The Warrior

CPS receives AP District of the Year Award from College Board

Mr.+Tennison+receives+District+of+the+Year+Award+from+Greg+Walker%2C+Vice+President+of+the+Midwestern+Region+for+College+Board.+
Mr. Tennison receives District of the Year Award from Greg Walker, Vice President of the Midwestern Region for College Board.

Mr. Tennison receives District of the Year Award from Greg Walker, Vice President of the Midwestern Region for College Board.

Photo by Patricia Abulencia

Photo by Patricia Abulencia

Mr. Tennison receives District of the Year Award from Greg Walker, Vice President of the Midwestern Region for College Board.

By Patricia Abulencia, Reporter

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Being immigrants from Mexico, the Rivas family always had the fear that they would be evicted from their home. When Adrian Rivas, Div. 874, was only 14 years old, his family was evicted from their home by armed sheriffs. A few days later, his younger sister contracted appendicitis.

Rivas had to learn how to be responsible at a young age, and put effort into the things he did. He always challenged himself by taking the hardest classes, and came to Lane expecting rigor in the courses.

“I didn’t fully understand what AP was until I talked to my counselor and my teachers and they kept pushing me,” Rivas said. “[Counselors and teachers] told me that AP was a good route for me to take. Ever since I was young I liked to push myself to take the hardest classes.”

One day, Rivas’ nanoscience teacher told him that Ms. Hanly needed him in her office. When first hearing that an assistant principal needed him in their office, he thought of all the things he might have done wrong, Rivas said.

However, Rivas wasn’t in trouble at all. Instead, he was told that he was given the opportunity to speak at the assembly on Feb. 23, which recognized Chicago Public Schools and their accomplishments in advanced placement (AP) programs.

AP classes during their third period were invited to the assembly. Greg Walker, the Midwestern Regional Vice President, awarded Mr. Tennison with the District of the Year award. According to a press release from the mayor of Chicago, CPS had previously won this award in 2011.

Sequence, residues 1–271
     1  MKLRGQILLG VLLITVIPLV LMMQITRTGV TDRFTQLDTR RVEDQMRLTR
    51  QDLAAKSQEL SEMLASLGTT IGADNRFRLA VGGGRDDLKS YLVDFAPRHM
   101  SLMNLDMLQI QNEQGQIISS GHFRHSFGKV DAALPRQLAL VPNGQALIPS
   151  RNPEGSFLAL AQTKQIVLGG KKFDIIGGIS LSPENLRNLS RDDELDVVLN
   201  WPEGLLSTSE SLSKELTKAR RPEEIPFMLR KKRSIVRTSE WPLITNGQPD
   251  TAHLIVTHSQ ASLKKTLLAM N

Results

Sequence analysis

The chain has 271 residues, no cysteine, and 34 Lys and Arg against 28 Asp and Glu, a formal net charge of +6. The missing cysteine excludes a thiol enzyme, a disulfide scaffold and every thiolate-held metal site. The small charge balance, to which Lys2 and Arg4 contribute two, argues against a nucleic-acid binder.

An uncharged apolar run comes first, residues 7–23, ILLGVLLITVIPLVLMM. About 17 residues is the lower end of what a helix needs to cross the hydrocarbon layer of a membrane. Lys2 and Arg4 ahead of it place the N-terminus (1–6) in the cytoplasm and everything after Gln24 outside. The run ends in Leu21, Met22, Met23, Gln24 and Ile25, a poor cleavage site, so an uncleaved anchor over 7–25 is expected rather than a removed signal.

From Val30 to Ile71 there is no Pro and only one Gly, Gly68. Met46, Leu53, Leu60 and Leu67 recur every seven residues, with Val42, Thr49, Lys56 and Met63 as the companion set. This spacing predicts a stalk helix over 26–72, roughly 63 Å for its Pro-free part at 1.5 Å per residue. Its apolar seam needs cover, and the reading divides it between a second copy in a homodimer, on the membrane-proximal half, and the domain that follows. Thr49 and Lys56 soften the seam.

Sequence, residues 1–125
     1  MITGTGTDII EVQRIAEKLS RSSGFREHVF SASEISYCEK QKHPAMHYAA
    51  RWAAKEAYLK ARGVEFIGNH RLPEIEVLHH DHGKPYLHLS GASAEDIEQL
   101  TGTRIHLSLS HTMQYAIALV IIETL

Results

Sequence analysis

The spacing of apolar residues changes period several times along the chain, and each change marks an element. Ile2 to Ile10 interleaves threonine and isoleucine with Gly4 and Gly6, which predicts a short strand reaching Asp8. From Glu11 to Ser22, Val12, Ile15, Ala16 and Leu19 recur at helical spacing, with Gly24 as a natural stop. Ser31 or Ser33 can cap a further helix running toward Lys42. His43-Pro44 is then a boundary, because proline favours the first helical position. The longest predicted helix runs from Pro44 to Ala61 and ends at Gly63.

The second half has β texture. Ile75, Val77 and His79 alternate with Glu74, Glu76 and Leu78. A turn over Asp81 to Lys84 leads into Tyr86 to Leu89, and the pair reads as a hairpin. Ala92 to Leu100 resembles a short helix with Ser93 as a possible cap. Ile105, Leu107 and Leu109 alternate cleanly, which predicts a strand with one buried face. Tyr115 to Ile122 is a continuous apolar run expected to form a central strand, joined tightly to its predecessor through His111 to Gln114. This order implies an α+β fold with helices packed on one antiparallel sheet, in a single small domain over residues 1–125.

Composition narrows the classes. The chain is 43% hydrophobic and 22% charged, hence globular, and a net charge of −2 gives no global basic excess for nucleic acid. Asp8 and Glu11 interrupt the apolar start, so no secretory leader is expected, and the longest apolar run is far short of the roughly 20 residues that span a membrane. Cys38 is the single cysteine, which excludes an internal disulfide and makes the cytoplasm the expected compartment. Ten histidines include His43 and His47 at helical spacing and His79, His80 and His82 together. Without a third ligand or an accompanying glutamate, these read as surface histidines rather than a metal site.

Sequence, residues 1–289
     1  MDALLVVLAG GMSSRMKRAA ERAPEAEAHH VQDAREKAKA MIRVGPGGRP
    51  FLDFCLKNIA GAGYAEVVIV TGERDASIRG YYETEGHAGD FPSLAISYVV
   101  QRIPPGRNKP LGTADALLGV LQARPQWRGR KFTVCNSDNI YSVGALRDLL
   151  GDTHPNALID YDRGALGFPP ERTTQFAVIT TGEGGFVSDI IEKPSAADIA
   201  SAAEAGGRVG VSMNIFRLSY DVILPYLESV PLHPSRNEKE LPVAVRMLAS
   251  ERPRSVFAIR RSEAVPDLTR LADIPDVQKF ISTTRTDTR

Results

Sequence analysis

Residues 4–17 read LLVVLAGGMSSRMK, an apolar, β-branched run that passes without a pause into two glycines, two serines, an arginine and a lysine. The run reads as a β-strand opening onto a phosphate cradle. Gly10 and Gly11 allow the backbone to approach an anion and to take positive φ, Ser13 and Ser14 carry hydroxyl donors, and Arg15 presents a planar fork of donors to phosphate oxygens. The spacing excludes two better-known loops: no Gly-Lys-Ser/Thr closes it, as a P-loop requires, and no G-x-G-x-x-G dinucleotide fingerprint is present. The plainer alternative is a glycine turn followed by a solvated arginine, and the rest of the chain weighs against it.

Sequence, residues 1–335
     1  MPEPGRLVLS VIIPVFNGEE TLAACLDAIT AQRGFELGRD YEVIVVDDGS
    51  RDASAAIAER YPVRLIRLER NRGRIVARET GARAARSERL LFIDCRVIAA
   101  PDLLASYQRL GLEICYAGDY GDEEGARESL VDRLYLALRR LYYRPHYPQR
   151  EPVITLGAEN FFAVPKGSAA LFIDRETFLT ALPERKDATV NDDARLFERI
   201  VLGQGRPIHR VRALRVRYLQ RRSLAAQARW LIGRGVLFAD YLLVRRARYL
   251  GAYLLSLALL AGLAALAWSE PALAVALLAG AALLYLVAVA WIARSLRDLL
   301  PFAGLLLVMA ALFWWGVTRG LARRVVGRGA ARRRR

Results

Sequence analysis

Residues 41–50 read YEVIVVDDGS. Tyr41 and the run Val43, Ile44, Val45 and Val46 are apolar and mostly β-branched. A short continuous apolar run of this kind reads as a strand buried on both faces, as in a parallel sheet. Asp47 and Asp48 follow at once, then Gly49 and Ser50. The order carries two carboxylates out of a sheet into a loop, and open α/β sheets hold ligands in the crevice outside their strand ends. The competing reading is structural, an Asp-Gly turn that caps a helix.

Lane has the largest Advanced Placement program in the city, according to the Lane Website. The AP program is something not enforced throughout all high schools, but can help students win scholarships, save money for college, earn college credit, and challenge students.

Rivas will also be speaking in a National Conference that College Board is holding in July.

“This year it’s [College Board National Conference] held in Texas for three or four days,” Rivas said. “I’m going to give a revised speech and speak in a panel about my experiences, sort of like a Q and A.”

The assembly also included a word from Mr. Gonzalez, an AP Research teacher here at Lane. In his speech, he explained how his current and former AP Research students have done work that impacts the world around them.

“These students have used their experiences in AP to further solidify their interest in their respective fields at the college level,” Mr. Gonzalez said.

Mr. Parsons, an AP Psychology teacher, explained that the AP program is something that all students should take advantage of. Not only does it give college credit, but it expands your knowledge with college content, according to Mr. Parsons.

“We have a lot of students who are smart enough to go to college, but a lot of them have financial issues which may prevent them from going to college,” Parsons said. “By giving them [students] AP exams, we’re helping them earn college credit and that alleviates some of the expense of college.

Alyssa Isberto, a Lane Alum who currently attends Depaul University, explained that there are noticeable differences when it comes to college classes and AP classes.

“In college, classes focus on learning, while in AP classes in high school, teachers focus on the AP exam,” Isberto said. “There’s a lot of practice that AP classes do that focus on how the AP board wants you to answer, rather than focusing on the knowledge itself.”

However, Rivas believes that students who do not take AP classes are missing out on lots of opportunities that could prepare them for college, such as the work ethic and class structure.

“It [AP classes] gives college credit and improves your GPA and it allows you to discover a lot more topics than what you would’ve learned in a regular or honors class,” Rivas said. “Overall I think there’s a lot of cool nuances that you get to learn about in AP classes.”

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CPS receives AP District of the Year Award from College Board